Survey: Kansas City Free Transit Offers Homeless Temporary Shelter

Amateur urban planners and the "urbanist" set love the idea of free transit from the comfort of their luxury SUVs. 

Meanwhile . . . The reality has been more sketchy. 

Repeated reports of violence at bus stops and increased homeless vagrancy are dutifully ignored in service of hyping the pro-transit narrative.

However . . .

Here's a money line that betrays a not so fun fact . . . Free transit often serves as de facto housing for homeless . . . Trust the science . . .

Besides the increased mobility and financial benefits, nearly 80% of the residents surveyed also said Zero Fare increased their sense of safety on the bus. That points to one of the more counterintuitive benefits of eliminating fares: The buses became safer to ride.

“Some operators would beg to differ with us, and some operators feel like it doesn’t seem right that people are riding longer than they would if they actually had a destination,” says Cindy Butler, interim vice president for marketing and communications at the Kansas City Area Transportation Authority (KCATA). “But statistics show that actual incidents where supervisors have to be called [to quell a disturbance on a bus] have actually gone down.” Many of those incidents concerned passengers who either could not afford to or refused to pay fares.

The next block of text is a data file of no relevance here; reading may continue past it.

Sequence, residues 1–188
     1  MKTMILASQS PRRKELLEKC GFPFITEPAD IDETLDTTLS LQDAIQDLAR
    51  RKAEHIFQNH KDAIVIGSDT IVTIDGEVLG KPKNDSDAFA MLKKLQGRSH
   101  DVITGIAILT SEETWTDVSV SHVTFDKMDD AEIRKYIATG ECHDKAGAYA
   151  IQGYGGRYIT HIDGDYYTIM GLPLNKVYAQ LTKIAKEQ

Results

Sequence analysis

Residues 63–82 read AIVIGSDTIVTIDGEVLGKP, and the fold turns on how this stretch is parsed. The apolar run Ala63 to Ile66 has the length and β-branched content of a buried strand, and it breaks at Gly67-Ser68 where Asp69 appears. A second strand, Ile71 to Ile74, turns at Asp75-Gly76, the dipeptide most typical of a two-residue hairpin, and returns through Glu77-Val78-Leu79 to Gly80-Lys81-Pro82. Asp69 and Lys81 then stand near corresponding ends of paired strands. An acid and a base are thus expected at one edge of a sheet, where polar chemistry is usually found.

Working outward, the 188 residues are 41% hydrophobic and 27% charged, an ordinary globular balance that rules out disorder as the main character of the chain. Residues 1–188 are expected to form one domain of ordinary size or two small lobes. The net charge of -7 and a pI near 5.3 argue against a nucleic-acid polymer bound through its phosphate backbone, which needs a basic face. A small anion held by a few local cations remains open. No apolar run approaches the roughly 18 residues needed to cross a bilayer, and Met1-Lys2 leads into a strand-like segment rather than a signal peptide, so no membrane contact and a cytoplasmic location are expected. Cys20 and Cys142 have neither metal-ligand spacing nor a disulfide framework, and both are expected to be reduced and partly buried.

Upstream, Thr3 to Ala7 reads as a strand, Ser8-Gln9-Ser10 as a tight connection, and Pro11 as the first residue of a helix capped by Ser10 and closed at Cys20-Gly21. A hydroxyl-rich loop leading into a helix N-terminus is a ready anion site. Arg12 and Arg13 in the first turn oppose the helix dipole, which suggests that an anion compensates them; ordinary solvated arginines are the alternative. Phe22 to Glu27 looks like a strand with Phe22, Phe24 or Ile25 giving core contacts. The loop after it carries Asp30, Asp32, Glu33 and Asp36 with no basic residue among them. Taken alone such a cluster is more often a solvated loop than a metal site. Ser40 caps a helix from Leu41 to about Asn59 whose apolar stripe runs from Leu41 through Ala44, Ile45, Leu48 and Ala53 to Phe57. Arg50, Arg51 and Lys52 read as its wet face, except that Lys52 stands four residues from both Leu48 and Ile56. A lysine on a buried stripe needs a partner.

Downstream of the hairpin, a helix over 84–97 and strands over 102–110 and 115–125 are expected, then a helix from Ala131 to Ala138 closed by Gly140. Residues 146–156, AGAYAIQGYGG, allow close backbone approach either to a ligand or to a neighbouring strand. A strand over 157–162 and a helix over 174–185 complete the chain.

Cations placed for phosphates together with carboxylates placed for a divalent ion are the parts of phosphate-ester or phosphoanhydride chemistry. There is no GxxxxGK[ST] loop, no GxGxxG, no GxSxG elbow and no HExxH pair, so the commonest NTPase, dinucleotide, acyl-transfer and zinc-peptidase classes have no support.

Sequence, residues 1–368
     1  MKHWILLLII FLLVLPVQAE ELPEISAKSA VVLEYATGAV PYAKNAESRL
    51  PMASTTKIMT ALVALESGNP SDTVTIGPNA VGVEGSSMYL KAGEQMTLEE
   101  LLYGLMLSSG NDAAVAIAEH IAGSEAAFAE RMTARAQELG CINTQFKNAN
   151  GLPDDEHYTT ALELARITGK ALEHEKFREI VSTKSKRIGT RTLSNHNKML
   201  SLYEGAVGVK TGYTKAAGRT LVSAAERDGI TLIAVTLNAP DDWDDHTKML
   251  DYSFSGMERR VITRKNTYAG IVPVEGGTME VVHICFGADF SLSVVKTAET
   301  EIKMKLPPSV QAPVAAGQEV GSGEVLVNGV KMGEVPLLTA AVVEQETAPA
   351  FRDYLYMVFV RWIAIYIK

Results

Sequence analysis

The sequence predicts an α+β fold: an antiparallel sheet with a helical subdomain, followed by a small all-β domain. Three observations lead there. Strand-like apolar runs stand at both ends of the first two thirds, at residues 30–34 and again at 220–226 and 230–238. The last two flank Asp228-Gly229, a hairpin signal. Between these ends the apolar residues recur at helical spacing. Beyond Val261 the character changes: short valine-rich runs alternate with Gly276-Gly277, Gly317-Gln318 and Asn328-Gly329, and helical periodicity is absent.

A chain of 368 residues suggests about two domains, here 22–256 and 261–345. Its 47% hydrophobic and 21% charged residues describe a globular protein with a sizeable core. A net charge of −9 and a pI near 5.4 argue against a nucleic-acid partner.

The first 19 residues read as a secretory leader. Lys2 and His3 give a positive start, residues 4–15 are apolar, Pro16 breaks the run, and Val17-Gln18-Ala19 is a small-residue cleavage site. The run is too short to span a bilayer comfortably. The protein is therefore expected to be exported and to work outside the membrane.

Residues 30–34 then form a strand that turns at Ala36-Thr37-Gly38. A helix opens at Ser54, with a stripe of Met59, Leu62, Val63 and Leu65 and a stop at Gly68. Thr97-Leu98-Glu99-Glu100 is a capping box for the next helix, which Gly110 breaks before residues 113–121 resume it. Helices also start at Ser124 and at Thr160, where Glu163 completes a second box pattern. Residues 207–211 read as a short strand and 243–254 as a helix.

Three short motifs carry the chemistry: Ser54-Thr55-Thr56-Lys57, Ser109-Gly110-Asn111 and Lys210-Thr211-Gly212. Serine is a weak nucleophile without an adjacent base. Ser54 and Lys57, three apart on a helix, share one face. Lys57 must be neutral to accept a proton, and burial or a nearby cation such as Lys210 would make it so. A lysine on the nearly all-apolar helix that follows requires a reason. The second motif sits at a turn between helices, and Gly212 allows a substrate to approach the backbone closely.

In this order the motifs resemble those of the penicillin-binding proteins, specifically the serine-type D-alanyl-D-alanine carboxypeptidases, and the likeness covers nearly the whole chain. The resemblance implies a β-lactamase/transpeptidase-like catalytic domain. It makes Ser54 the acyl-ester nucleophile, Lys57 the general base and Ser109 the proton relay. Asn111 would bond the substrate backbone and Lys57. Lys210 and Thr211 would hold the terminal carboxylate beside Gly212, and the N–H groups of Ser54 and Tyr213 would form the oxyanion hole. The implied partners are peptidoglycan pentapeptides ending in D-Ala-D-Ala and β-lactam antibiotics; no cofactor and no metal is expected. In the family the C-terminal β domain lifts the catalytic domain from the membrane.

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Kansas City's Zero Fare Transit Program Shows Major Success - And What Still Needs to Be Done

It's been three years since Kansas City voted to make its public transit free. Can it keep going? Kansas City, Missouri, made national headlines in the fall of 2019 when its city council voted unanimously to become America's first large city to make public transportation free citywide.